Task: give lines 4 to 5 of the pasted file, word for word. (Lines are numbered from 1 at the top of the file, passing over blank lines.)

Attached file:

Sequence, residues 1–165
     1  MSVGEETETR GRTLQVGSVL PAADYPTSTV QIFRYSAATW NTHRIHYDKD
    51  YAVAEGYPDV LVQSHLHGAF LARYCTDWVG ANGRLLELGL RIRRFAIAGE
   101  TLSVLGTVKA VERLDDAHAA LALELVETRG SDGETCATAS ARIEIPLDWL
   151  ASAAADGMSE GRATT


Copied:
   101  TLSVLGTVKA VERLDDAHAA LALELVETRG SDGETCATAS ARIEIPLDWL
   151  ASAAADGMSE GRATT